Ever the opportunist, the widow slept her way to the top of the Parisian social hierarchy. Women wondered what men saw in Josephine; the answer was she made them imagine horizontal positions. The femme fatale, well versed in the art of seduction, had a fondness for mirrors that multiplied the images of love making, thereby creating an illusion of an orgy. One of her conquests, Paul de Barras, had orchestrated the fall of the revolutionary Maximilien Robespierre. A politician remarked of de Barras that he “had all the vices of a king without having a single one of the virtues.” Tiring of Joséphine’s out of control spending, Paul introduced his mistress to a Corsican general, six years her junior. The man with the diminutive stature held grandiose ambitions and declared that he should be crowned king- well before anyone else shared that opinion. Although she had not been the first woman to capture Napoleon’s eye, Joséphine was the one who captivated his libido. He was greener in the bedroom than his new lover and declared he was “baffled and excited by her repertoire of techniques,” especially moves he referred to as her “zigzags,” perhaps the Seinfeldian “swirl.” In a letter to his mistress, the smitten general praised her “little black forest. I kiss it a thousand times and wait impatiently for the moment I will be in it. To live within Joséphine is to live in the Elysian Fields.”  The scent of his woman held Napoleon in thrall; he wrote to Joséphine, “I am coming home. Don’t wash.”

         Less than a year after their first meeting, Joséphine was waiting in the town hall of Paris’s second municipal district for her groom. He arrived four hours late because he had been caught up in planning the invasion of Italy. He made it up to her by shaving four years off her age on the marriage certificate, one of the perks of being the Consul. A few months later, Madame Bonaparte confided to a friend, “My husband does not love me; he worships me. I think he will go mad.”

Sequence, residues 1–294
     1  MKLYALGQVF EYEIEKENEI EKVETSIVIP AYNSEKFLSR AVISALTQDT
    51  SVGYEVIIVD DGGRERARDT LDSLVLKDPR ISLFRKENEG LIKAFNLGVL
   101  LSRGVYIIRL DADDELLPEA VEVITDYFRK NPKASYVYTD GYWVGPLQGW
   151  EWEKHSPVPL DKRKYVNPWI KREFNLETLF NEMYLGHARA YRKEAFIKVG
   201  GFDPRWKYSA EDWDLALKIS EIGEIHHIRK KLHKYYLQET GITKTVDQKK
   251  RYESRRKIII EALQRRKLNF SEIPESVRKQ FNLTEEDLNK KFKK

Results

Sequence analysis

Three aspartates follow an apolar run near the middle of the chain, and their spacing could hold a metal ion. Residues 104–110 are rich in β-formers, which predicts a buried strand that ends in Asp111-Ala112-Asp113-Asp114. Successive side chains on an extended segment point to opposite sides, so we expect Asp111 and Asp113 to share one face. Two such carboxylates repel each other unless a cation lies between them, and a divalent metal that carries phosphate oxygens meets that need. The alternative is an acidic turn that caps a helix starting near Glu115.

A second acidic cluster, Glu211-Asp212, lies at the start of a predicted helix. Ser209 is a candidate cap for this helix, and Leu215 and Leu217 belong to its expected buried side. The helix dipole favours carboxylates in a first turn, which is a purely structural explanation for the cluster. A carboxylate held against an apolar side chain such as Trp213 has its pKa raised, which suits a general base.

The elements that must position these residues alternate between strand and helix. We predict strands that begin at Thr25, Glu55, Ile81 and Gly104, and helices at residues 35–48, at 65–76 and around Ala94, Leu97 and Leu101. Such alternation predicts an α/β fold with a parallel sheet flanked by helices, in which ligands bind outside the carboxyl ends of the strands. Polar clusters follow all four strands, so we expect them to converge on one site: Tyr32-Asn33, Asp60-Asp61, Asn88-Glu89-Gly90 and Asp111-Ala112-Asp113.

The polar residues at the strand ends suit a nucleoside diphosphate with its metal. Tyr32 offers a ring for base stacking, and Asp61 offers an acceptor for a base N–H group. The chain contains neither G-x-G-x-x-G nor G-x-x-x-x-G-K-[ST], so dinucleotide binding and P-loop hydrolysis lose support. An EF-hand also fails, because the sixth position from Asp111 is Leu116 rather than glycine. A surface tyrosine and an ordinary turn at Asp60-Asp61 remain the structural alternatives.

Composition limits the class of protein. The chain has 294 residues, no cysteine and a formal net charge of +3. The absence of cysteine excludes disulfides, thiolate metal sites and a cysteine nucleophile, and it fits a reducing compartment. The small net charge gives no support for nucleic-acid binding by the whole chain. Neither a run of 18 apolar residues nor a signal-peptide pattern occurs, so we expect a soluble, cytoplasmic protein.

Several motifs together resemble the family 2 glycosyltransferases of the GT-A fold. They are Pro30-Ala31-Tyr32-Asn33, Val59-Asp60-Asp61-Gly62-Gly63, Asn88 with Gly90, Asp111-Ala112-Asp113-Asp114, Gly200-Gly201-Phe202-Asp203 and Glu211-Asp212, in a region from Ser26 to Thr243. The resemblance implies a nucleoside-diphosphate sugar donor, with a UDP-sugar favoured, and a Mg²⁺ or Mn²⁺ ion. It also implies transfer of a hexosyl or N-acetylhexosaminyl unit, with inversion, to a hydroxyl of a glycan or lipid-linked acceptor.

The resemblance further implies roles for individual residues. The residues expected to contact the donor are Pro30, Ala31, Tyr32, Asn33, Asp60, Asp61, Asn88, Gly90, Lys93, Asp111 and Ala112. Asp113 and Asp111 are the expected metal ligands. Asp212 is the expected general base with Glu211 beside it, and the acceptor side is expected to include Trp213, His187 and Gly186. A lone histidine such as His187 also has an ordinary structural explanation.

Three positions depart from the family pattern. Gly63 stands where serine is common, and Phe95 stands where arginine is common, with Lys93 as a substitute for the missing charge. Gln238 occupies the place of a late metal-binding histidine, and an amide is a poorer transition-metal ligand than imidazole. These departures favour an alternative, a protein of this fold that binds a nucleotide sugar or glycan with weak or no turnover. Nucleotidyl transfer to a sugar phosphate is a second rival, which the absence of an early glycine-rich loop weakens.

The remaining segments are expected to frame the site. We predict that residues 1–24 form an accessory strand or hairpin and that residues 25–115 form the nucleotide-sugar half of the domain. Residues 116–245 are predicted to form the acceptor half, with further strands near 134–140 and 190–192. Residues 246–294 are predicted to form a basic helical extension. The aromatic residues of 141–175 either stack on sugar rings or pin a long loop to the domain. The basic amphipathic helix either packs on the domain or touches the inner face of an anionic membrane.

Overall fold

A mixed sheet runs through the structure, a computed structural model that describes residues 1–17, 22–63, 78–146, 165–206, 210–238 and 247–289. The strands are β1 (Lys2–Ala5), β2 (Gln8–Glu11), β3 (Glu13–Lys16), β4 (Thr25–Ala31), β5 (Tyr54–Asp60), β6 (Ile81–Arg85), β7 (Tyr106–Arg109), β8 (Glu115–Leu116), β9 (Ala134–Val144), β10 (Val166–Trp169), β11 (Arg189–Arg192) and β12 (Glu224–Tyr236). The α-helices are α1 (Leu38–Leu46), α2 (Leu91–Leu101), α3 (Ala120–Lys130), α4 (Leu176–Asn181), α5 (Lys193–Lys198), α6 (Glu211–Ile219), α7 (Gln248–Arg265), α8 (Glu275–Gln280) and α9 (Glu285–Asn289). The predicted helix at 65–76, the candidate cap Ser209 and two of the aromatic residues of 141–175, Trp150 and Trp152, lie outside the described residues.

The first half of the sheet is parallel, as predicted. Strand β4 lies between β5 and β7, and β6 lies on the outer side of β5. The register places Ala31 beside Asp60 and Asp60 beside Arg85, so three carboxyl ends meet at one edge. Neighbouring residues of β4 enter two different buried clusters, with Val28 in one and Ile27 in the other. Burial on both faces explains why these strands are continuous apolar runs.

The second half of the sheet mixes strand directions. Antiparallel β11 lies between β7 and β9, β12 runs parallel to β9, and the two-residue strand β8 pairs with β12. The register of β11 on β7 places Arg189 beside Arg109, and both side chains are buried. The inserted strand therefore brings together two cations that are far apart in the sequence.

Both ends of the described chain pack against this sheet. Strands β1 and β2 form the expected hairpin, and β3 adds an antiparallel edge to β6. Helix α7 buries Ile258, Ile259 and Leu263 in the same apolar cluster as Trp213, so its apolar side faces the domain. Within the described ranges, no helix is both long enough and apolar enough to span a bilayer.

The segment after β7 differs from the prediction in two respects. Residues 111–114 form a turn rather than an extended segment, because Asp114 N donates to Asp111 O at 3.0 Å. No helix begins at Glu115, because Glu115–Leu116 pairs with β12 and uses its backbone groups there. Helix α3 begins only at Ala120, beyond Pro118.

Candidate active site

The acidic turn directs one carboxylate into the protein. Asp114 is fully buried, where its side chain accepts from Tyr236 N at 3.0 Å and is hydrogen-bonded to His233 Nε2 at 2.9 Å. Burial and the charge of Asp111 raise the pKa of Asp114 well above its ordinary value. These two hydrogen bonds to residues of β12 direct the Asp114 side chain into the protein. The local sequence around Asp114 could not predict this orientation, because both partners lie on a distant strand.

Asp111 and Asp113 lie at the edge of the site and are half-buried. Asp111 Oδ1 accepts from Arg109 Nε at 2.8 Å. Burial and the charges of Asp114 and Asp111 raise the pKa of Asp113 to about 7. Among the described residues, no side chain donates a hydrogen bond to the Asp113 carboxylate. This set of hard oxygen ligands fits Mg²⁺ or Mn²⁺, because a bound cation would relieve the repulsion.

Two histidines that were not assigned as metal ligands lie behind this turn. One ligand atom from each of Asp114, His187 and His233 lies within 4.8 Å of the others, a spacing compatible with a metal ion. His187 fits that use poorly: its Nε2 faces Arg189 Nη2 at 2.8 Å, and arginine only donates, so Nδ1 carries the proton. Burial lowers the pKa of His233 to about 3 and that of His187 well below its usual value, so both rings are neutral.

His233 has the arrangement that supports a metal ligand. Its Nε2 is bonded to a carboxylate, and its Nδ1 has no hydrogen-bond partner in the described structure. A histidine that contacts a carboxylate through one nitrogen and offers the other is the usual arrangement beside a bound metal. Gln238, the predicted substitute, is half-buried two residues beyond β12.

When Napoleon left on a military campaign that determined the fate of Europe, Joséphine concentrated on amassing art and a priceless collection of jewelry. She also embarked on an affair with Hippolyte Charles, a handsome, decade younger officer. When he learned of his wife’s extramarital affair, Bonaparte became insanely jealous; after a heated row hey ended up reconciling. The couple took up residence in the Tuileries; as décor, Napoleon hung Leonardo da Vinci’s painting Mona Lisa in their bedroom. After it became apparent the general was on the way to becoming the ruler of France, Joséphine’s infidelities ended-and Bonaparte’s began. In 1884, Napoleon and Joséphine stood in Notre Dame Cathedral where the general became an Emperor in a ceremony presided over by Pope Pius VII. She played the part of consort to the hilt and dressed in magnificent gowns: one she had covered entirely in rose petals, another in hundreds of diamond-tipped toucan feathers. The new empress had more ladies-in-waiting than Marie Antoinette. The story of the man from Corsica and the woman from Martinique becoming the crowned heads of France after a revolution that had abolished the monarchy could have come from the pen of Victor Hugo.